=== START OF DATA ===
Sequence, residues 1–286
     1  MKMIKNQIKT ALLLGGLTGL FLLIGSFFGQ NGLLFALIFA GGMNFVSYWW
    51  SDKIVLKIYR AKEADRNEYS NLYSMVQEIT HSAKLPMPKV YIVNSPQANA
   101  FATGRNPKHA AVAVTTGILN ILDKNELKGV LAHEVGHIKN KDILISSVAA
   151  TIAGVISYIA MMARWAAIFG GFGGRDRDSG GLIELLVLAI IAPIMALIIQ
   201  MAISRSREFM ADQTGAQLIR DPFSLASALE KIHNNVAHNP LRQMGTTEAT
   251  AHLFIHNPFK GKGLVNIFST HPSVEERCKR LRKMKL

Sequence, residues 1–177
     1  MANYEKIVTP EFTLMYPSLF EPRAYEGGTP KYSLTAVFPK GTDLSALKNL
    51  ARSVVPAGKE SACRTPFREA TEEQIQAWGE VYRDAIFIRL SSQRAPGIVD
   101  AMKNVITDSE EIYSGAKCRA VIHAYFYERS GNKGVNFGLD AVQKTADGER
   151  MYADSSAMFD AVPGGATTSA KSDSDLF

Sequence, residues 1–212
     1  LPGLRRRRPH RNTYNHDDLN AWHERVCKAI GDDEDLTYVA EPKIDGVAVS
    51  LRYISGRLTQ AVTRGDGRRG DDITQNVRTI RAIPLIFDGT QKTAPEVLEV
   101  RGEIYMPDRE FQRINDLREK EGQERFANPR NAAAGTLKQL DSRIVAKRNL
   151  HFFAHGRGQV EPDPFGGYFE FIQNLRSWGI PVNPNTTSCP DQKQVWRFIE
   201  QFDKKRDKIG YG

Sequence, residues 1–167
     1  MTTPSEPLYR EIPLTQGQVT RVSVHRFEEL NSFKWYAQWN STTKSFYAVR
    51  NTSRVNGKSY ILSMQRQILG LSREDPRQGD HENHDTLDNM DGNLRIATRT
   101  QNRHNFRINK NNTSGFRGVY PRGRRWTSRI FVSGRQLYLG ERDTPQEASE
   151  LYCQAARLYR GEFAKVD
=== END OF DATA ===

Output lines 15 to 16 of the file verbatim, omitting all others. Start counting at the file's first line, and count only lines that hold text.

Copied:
    51  LRYISGRLTQ AVTRGDGRRG DDITQNVRTI RAIPLIFDGT QKTAPEVLEV
   101  RGEIYMPDRE FQRINDLREK EGQERFANPR NAAAGTLKQL DSRIVAKRNL